Executing a CES assignment requires a possibly surprising degree of craft. I must pace the story in order to include all details from the spec while still keeping it within the word limit. I have to guard against adding erotic elements that push my own buttons, but might not have the same effect on my audience. At the same time, I need to add sensual details, plausible transitions and especially, emotional authenticity. That’s my added value, as a professional author. If just anyone could write a compelling, intense sexual fantasy, I’d be out of a job.

What really makes it work for me, though, is getting inside my customer’s head. Watching one of these stories unfold is a weird feeling, but exciting, too. It's almost as though someone were whispering naughty ideas in my ear. I may have never considered these notions before, but when I wrap my mind around them, I begin to see the appeal.

It has occurred to me that my submissive tendencies account for some of my success in writing custom fantasies. My master once called me “suggestible”, and I suspect that’s an appropriate evaluation of my personality. The fact that I'm bisexual and exceptionally broad-minded about sex probably helps, too.

My one regret about these CES stories is that nobody else will ever read them. They belong to the customers who paid for them, not to me. I can't post them on my website. I can't even talk about the specific fantasy scenarios involved; that would be a breach of confidentiality. They're eternal secrets, between my customer and me.

The last assignment I handled, though, involved an outrageous, kinky, gender-bending scenario that turned me on from the moment I opened the specification file. My personal sex life became significantly more interesting while I was working on the tale, because of the fantasies it inspired. I had no problem identifying with my audience in this case. And yet writing that story was possibly more difficult than my previous assignments, because I had to stop my own imagination from hijacking the customer's vision.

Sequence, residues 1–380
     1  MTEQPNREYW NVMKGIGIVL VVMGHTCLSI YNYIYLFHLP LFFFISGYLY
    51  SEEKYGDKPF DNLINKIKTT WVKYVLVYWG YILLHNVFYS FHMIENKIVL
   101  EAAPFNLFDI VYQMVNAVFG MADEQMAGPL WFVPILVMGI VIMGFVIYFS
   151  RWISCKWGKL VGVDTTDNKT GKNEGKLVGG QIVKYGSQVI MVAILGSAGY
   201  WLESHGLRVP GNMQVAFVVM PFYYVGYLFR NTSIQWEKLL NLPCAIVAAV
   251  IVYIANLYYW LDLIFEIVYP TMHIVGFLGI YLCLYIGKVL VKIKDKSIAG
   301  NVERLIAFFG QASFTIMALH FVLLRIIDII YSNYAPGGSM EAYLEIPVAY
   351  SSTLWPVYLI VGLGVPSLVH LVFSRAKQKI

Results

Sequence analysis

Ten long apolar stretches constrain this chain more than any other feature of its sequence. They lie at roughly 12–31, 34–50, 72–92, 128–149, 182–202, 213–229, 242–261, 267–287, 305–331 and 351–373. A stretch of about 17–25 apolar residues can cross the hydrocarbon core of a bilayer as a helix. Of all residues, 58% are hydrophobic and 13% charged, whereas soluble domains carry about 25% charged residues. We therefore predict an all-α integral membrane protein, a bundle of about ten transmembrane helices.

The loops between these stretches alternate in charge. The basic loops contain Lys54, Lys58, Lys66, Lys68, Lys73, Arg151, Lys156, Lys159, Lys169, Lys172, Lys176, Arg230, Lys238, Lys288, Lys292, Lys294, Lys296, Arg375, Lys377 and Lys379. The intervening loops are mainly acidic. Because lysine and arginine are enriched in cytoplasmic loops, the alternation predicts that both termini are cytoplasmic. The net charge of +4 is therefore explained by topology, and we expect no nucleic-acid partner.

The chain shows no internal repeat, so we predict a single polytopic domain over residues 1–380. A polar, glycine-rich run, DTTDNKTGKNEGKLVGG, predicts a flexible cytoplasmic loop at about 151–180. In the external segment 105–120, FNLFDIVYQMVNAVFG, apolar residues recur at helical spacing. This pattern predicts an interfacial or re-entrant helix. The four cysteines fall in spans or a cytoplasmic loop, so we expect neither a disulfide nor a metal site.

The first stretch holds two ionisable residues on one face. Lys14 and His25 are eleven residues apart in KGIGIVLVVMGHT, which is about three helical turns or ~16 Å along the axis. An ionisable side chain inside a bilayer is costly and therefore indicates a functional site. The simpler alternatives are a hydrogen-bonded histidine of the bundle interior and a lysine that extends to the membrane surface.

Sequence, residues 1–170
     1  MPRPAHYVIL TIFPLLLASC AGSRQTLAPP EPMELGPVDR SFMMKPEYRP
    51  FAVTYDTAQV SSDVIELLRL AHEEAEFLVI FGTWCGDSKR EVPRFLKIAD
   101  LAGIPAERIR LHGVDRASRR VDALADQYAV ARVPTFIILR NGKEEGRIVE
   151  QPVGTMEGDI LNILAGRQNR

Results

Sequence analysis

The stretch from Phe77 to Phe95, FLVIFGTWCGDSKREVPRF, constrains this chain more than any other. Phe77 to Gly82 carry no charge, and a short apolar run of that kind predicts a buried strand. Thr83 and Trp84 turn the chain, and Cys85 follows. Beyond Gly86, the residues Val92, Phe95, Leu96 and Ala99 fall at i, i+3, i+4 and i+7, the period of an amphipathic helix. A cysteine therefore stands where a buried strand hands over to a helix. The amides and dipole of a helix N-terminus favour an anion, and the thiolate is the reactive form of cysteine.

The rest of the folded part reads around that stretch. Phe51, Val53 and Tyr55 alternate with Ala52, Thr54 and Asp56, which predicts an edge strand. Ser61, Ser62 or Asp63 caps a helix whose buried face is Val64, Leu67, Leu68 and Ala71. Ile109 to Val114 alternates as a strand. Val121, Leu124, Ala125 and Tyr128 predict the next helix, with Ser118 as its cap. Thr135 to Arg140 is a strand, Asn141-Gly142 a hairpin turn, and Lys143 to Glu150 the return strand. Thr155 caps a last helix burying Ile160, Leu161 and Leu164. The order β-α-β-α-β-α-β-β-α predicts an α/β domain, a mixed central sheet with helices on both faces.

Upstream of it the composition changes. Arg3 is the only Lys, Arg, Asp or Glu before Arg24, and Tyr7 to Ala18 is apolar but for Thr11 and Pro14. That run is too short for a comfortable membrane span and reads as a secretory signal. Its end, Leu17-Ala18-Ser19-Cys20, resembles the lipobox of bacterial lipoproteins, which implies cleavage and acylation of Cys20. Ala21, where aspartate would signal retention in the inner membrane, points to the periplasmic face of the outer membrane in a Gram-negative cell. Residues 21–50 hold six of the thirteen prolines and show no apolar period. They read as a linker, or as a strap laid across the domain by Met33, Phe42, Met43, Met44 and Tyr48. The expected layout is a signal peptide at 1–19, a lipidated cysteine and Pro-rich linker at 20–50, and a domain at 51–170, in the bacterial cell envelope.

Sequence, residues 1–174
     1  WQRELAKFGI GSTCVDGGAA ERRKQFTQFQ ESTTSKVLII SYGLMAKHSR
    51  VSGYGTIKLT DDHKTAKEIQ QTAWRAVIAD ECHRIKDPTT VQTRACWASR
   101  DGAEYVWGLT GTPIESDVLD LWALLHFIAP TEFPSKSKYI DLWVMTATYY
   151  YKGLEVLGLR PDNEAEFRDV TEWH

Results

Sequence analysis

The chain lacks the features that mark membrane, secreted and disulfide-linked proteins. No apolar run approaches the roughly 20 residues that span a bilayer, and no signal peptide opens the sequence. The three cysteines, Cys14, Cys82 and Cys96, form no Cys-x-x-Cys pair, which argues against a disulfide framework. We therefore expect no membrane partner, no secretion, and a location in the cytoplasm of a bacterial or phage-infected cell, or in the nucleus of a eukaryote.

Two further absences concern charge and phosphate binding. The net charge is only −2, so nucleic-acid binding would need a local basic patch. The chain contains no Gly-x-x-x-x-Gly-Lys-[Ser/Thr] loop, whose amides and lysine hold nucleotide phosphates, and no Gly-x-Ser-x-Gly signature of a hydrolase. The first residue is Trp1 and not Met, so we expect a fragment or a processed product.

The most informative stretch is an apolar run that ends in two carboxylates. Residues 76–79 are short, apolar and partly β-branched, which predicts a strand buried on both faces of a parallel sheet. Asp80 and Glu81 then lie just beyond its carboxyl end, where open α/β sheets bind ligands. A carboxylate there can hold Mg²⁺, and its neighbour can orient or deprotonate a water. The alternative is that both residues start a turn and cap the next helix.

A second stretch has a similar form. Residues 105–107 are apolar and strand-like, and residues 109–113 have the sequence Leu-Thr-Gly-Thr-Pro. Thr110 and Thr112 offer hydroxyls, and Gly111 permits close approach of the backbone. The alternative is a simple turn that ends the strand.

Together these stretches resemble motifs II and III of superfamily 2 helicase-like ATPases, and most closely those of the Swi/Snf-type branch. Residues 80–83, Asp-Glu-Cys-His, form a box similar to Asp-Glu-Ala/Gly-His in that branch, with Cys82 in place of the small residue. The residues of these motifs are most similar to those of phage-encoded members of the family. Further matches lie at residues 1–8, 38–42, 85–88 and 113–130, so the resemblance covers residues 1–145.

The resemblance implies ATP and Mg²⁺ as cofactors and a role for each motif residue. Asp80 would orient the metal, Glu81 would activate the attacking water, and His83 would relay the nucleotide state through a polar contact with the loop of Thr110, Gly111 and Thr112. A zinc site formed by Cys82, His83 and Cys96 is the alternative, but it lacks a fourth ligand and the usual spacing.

I view my tales for CES as a sort of writing exercise. They require a level of control far beyond what's needed for a free form story written to satisfy a vague theme. I believe that they've helped me hone my skills as an author of erotica.

The real payoff, though, is emotional – the heady sense of power that comes from bringing my customer's dirtiest dreams to life. At the same time, it's a sort of ecstatic surrender, a willingness to sink into my customer's desires.

I will never know who my readers are, and they'll never really know me. For a short while, though, we're as close as lovers.



1 comment:

Larry Archer said...

"How can I prostitute myself in this way? How can I betray my art? Why would I surrender my creative vision and allow someone else to dictate the content and style of my work?"

I disagree that writing to spec is prostitution of your creative vision. We write to entertain ourselves or others, otherwise what's the point? There is no real difference in deciding to write a woman who is kidnapped by lesbian bikers or being paid by someone who wants a fantasy about lezbo dykes on bikes.

Being able to take a customer's idea and spin the starting point into a complete tale shows me that the author has the ability to take a fantasy and run with it.

CES is an intriguing concept and it might be interesting to try that. Interesting post.